This story is one I wrote during the summer (last summer or the one before that one...can't remember). I had made a pact with myself to write one story per week. This is from week #3.
Bobbie realized a second too late that the hurried gulp had been a mistake. A sip would have been just right. Of course, if she had heeded the warning flashing before her eyes, she wouldn’t have a burned tongue right now: “Caution. Liquid is VERY hot.” Bobbie wasn’t stressing the word “very” either. It really was capitalized. But who ever paid any attention to those warning labels?
She put the paper cup down and absentmindedly rubbed her burning tongue with one finger. Glancing around the coffeehouse, she saw an older man staring at her, a look of disgust on his face. Bobbie quickly popped her finger out of her mouth. “I’ll bet he’s never burned his tongue before,” she thought, taking in the dark suit and conservative navy bow tie.
Feeling rumpled, she tugged down her pale pink top, which insisted on riding up hips she meaning to slim down. Bobbie wanted to shed a few pounds, had been meaning to since the day she became engaged to Ethan, but life kept getting in the way. The eleven-month engagement had flown by, while her treadmill had collected dust in the basement. It had been a colorful blur of dress fittings, bridal registries, showers, her ever-present job, and house hunting. Before Bobbie had time to flip the “on” switch and run a few laps, she and Ethan were on a plane headed for the Bahamas. After that, life had settled into a new routine, albeit a very busy one.
And besides, Ethan liked her curvy hips. No one would ever catch her paying thousands of dollars for implants. And weren’t girls everywhere complaining about non-existent butts? She’d never complained about her glutinous surplus, as she liked to call it, a day in her life.
It was then that Bobbie noticed the coffee stain, stark against the white linen pants. She grimaced. Coffee, Bobbie decided, was her nemesis. No matter what she wore – satin, cotton, or birthday suit – she always managed to spill coffee. She scrubbed at the offending stain with a napkin. Seeing the nubby little grains of recycled napkin that littered her pants a minute later, Bobbie moaned. Throwing the napkin on the table, she gave up the pants as a lost cause.
Maybe if she didn’t move – didn’t drink her coffee, didn’t clean her pants – no more bad incidents would plague her day. Bobbie sighed softly and rubbed the paper cup with her thumbs. She was pregnant. How it had happened, she hadn’t the darndest idea. Well, Bobbie knew how it had happened. But she didn’t know why it had happened. She and Ethan were using birth control, for Pete’s sake. They had been since day one. She took a drink of coffee, forgetting yet again to make it small sip. The left side of her tongue joined the right in stinging pain.
Slamming the cup back down the table, Bobbie turned to stare out the window. Hot tears were forming behind her eyelids. She sniffed. Ethan didn’t know yet. But when he found out, he wouldn’t be happy. They were only on Year Two of the Five-Year Plan. Only hours after getting home from the Bahamas, Ethan had sat her down and they had discussed how to implement the Five-Year Plan. It was a complicated one involving many columns, goals, and one anticipated pay raise.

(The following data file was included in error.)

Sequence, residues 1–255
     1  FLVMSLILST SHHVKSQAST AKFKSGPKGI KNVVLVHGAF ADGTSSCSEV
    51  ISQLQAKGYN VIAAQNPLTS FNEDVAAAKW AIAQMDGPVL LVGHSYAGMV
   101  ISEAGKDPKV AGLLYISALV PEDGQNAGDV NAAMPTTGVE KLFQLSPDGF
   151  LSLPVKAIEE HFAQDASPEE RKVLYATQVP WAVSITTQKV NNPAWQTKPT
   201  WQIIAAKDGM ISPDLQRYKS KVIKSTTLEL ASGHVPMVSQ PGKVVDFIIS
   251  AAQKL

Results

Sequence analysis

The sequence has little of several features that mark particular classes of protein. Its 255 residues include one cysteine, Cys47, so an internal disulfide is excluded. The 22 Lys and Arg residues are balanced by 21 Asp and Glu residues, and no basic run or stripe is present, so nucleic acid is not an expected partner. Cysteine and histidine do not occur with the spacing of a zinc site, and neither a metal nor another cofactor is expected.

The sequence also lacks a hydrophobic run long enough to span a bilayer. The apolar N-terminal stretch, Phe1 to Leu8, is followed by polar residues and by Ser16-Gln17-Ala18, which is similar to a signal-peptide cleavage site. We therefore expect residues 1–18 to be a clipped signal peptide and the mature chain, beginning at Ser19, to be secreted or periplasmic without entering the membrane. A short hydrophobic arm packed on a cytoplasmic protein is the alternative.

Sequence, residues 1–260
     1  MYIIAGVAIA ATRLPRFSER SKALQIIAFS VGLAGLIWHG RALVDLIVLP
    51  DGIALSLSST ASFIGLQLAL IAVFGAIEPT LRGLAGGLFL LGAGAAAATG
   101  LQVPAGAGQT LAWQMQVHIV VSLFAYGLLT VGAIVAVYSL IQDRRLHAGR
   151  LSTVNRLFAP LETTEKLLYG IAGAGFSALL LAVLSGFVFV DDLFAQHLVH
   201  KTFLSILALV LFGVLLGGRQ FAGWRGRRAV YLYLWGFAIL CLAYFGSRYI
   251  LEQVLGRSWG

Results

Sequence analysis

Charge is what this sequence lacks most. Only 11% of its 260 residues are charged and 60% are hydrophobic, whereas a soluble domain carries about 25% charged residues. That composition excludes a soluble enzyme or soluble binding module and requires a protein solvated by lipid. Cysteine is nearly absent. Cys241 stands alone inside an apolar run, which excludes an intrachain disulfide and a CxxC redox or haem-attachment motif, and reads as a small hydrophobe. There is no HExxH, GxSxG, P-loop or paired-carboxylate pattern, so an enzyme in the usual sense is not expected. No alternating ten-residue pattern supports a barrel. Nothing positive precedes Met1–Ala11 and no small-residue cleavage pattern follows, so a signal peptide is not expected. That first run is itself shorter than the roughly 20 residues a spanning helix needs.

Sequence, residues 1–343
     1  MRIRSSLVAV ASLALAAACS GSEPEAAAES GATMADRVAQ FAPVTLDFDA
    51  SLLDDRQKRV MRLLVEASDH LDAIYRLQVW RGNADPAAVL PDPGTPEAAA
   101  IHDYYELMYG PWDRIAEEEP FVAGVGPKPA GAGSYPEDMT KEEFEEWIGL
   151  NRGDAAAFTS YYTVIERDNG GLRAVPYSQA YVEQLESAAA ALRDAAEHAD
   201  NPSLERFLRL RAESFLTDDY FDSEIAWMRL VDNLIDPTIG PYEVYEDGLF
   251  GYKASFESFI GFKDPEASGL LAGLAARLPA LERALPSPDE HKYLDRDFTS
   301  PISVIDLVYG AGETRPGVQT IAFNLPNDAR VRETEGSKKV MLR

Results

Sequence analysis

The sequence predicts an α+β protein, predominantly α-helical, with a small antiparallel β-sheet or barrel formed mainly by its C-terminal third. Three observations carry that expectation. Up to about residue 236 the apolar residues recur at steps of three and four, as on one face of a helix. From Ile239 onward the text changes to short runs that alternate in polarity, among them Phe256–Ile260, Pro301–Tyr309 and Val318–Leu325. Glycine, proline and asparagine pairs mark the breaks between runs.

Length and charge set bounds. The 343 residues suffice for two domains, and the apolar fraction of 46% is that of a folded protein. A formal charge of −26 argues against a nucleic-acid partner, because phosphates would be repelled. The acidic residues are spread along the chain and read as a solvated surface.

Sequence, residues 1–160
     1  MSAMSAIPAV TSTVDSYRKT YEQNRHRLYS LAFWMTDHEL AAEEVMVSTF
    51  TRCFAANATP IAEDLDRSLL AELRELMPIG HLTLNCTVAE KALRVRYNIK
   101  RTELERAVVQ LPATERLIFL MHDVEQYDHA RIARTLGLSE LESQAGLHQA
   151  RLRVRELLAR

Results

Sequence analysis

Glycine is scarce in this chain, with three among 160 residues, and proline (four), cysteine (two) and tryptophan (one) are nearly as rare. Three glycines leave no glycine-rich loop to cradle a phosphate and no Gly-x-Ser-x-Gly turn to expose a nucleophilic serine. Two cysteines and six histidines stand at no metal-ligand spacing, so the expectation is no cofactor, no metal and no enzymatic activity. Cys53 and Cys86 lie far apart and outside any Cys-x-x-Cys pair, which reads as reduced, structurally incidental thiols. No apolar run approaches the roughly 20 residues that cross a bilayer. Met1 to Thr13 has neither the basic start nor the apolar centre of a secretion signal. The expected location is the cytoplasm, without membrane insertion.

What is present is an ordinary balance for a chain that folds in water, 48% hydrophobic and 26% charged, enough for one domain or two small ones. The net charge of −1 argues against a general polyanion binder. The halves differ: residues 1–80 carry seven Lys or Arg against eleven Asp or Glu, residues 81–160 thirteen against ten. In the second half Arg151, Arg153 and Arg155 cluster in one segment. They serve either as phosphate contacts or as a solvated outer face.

She had taken the test this morning after he had left for work. She honestly hadn’t believed it would be positive, buying one only because she had felt achy recently. When the tiny letters in the oval had popped up “Pregnant,” Bobbie had dropped the digital pregnancy test in disbelief. “No way,” she had said quietly, sitting down on the bathroom floor, “…no way.”
She knew Ethan would be shocked. Then he would be upset. Not at her, but at the company that made their birth control. “It’s defective,” he’d insist.
“It’s ninety-nine point nine percent accurate,” she imagined herself saying.
“That might as well be one hundred!” he’d shout.
“Well, it’s not,” she’d retort. “There still is that lone point oh-one of a percentage floating around out there.”
“Recall!” Ethan would yell.
“Dork,” she’d smile and they would hug each other, laughing at the conversation, themselves, and the fact that they were only pretending to be pregnant.
But this wasn’t pretend, Bobbie thought. This was for real. Ethan had always dreamed of having three children. He had been an only and Bobbie was one of two, so three kids sounded like the perfect plan to both of them.
“Built-in friends,” Ethan had said.
“No spoiled ‘only’ child,” Bobbie had teased.
And what about her? Ever since this morning, when the plus sign had flashed before her, Bobbie had thought only of Ethan, of his reaction to the news. She wasn’t sure what she thought. They didn’t have much in savings – maybe a couple of thousand dollars at best? Ethan’s Five-Year Plan was a combination of saving and spending. They put money into savings every month, but Ethan had also started a “Necessities” account for the sole purpose of purchasing big tickets items. These were things he thought they needed before starting a family: new furniture that hadn’t been handed down five times before making its way to them, a reliable car for her, pots and pans to replace the ancient ones willed to her by Grandma Jonesy.
A baby. Would he have curly hair like hers or straight strands like Ethan? Would her skin be dark like Ethan’s, or a light brown like her own? Would he be tall? Would she be well-endowed, like her happy mother?
Five-year plan aside, Bobbie felt excitement welling up inside of her.
She dug into her purse for the cell phone. Pressing the familiar keys, she listened to the phone ring once…twice…then -“Hey Bobbie, what’s up?”
“Ethan, honey? I’ve got some awesome news for you…”